Two players perform a short scene. Two other players watch the scene, but are unable to listen to the scene due to loud music in their ears. An iPod was a thing that could play music. After the first scene is over, the second pair tries to replicate the first scene after only seeing the actions and not hearing the scene. It is important to mimic the physical actions of the first pair and justify them in the second scene.
At various times during the scene, the referee will shout “Kick it!” after a line of dialogue. The actor that delivered the line begins the rap and the rap ends when the rapper yells “WORD!” Other players can join in.
From time to time during a scene, a caller shouts “New choice” and the actor must replace his previous line of dialogue or action with a new one. The caller may clarify what to replace. For example: “New way to enter” or “New response”.
All performers start off stage. Once the suggestion is given, Player 1 enters and begins a scene alone. After Player 1 establishes a scene, another player claps in, freezes the scene, enters, and starts a brand new scene with brand new characters, utilizing the frozen position of the other player(s). This continues, with each person entering one at a time, starting a new scene, and justifying the physical positions of the other players. Once the last player (Player 6) has entered and established their scene, they must justify a reason for their character to leave the scene. Once Player 6 leaves the stage, the scene then reverts to the scene that Player 5 started when they entered. The performers then continue “peeling off” the layers, going through the scenes in reverse order until they get back to the initial scene established by Player 1. The physical positions should be rejustified as the scenes are peeling off, as well.
Point of View (Rashomon)
A short scene is played by neutral characters. The scene is then replayed from each character’s point of view. The point-of-view character remains neutral, but the rest of the scene changes to show how that character perceived the original scene. For example: A parent sees the child as a pain and themselves as reasonable, then the kid sees himself as reasonable and the parent as heartless.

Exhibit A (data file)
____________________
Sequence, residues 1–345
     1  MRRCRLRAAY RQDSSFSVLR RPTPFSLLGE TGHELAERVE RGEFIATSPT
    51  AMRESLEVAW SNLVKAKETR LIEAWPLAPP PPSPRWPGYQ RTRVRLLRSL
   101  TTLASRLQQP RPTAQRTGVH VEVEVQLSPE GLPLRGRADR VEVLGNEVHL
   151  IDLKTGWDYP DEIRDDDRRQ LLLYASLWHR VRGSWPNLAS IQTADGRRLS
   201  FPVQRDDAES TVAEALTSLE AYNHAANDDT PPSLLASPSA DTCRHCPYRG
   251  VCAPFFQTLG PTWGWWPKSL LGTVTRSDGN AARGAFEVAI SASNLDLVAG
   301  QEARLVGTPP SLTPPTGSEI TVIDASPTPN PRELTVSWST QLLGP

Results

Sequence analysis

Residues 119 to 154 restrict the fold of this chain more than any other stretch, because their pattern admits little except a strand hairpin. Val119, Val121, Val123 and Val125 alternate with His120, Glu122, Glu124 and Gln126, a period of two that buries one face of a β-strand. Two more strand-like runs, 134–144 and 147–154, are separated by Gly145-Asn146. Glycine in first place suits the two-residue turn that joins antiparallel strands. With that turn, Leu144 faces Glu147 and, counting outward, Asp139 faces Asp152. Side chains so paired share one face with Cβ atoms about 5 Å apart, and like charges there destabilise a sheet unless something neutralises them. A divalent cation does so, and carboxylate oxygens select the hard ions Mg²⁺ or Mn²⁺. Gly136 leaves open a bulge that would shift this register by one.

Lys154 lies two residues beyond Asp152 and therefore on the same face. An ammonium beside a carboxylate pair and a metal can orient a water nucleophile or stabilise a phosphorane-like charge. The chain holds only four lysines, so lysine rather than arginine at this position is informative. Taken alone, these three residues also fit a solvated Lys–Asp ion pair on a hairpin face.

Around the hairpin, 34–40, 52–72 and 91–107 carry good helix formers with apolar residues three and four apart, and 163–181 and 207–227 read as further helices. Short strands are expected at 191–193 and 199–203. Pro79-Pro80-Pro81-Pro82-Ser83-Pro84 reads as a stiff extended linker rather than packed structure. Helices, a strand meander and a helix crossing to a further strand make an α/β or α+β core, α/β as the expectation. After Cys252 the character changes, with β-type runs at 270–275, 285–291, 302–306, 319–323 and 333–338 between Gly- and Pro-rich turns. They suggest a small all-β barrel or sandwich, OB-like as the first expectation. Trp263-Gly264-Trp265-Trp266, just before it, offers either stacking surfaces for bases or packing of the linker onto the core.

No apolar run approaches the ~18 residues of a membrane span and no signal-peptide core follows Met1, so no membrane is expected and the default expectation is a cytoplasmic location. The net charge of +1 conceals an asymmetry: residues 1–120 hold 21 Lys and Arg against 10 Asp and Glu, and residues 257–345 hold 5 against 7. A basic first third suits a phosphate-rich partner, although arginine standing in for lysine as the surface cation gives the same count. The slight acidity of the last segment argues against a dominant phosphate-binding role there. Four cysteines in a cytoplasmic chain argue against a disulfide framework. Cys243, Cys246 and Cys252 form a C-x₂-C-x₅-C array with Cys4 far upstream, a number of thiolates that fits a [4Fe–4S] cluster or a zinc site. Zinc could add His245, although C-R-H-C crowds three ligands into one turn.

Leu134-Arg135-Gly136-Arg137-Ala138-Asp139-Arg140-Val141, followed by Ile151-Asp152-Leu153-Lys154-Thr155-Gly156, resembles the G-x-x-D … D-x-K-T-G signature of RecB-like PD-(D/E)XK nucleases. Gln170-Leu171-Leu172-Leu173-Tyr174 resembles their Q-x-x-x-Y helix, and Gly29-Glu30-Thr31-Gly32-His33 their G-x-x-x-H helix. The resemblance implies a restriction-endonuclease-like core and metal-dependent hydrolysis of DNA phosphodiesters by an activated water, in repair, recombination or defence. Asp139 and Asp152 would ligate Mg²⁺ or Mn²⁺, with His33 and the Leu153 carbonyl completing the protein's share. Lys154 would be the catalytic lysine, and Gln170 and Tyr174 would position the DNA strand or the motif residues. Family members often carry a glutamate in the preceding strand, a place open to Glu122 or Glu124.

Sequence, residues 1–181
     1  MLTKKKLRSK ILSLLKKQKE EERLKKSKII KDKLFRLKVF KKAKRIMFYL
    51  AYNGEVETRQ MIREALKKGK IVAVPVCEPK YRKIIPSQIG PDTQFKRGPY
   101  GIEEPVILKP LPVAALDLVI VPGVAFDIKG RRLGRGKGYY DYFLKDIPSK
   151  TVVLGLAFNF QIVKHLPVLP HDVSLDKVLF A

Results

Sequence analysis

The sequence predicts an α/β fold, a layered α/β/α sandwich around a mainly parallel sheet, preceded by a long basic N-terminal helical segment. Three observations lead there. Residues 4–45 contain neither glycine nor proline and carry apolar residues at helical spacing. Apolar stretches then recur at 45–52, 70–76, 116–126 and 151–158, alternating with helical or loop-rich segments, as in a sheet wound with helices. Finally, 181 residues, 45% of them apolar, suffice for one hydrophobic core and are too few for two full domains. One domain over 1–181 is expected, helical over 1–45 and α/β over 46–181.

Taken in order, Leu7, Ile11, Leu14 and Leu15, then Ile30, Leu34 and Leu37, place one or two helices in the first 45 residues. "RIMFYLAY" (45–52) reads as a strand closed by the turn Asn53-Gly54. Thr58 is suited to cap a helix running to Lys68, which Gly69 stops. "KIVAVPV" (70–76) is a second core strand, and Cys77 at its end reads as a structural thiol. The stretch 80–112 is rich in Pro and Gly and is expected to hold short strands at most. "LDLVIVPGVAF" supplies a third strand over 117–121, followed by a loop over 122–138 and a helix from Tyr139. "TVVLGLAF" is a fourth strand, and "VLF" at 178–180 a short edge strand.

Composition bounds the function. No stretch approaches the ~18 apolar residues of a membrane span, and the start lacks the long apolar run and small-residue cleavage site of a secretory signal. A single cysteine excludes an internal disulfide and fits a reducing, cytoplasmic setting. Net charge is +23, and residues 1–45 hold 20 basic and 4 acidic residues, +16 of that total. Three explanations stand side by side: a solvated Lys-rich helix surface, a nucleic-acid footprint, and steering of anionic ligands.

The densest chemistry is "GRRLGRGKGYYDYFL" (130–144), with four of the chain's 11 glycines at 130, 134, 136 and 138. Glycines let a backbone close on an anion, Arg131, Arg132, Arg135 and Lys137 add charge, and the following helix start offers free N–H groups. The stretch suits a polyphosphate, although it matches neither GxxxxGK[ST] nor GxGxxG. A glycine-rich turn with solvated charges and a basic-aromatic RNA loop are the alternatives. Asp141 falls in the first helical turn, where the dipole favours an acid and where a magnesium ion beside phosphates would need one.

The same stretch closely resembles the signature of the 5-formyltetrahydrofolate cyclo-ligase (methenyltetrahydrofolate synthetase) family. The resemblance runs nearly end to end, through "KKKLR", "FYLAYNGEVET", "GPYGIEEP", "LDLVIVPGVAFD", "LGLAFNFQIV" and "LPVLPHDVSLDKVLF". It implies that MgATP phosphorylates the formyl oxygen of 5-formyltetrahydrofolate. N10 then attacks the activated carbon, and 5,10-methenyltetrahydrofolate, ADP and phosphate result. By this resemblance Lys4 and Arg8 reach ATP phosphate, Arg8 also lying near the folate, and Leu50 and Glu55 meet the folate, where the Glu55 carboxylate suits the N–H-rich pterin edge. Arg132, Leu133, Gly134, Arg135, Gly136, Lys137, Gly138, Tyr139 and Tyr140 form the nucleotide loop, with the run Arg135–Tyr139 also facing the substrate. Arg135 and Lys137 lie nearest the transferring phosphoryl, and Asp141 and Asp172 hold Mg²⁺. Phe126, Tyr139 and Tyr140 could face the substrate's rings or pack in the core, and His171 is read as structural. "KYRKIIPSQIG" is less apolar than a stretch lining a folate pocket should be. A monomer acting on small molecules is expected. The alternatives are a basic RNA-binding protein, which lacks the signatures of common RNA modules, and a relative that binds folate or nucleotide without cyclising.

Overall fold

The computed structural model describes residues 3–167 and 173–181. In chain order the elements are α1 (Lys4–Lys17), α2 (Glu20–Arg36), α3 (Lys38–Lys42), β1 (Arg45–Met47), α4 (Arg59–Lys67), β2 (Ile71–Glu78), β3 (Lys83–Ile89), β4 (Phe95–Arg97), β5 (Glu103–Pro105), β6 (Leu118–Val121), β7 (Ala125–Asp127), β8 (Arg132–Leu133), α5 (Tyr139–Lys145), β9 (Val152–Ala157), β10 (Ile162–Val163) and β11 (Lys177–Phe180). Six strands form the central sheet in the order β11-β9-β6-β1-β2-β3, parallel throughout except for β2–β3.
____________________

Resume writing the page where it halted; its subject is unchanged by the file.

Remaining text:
Sit Stand Kneel (Lie down)
At any time during the scene, there must be one player sitting, one standing, and one kneeling. An optional fourth player may be laying down. No two players can be in the same position at any time.
Slumdog Date Night
From a location suggestion, two players take the roles of people on a first (or early) date. We follow their date as they get to know each other, and throughout the scene, other players can support as passing characters or, more importantly, call for flashbacks for an individual character. (“Flashback CHARACTER NAME”) Like in its namesake film Slumdog Millionaire, these flashbacks are used to inform the present scene. The flashbacks reveal characteristics or histories that affect their behavior on the date.
Sounds Like a Song
At various times during the scene, a caller will shout “Sounds like a song!” after lines of dialogue. The actor who delivered the line of dialogue then breaks into song using the line as inspiration. The characters should sing to the other characters, who can hear the song and are allowed to join in.
Doesn’t Sound Like A Song
Same as above, but opposite. The actors will be singing the whole time, however at various times during this scene, a caller will shout “That doesn't Sound like a Song!” The accompanist will stop playing, and the actor who was last singing speaks their last sung line to begin a normal non-musical scene. Then the musician will sneak back in with music and when the actors hear the music come back in they will start singing again until the next time the caller calls "That doesn't Sound like a Song!"
The team performs a one-minute scene. One player is removed and the remaining members must perform the same scene again, covering all the important actions and dialogue. Performers can jump back and forth between characters from the original scene. Continue removing performers and repeating the scene until one person has to do the entire scene by themselves. Be sure to establish CORE in the original scene.
Each of the players in this game will be assigned a number between one and ten. Every sentence that the player speaks must contain their assigned number of words.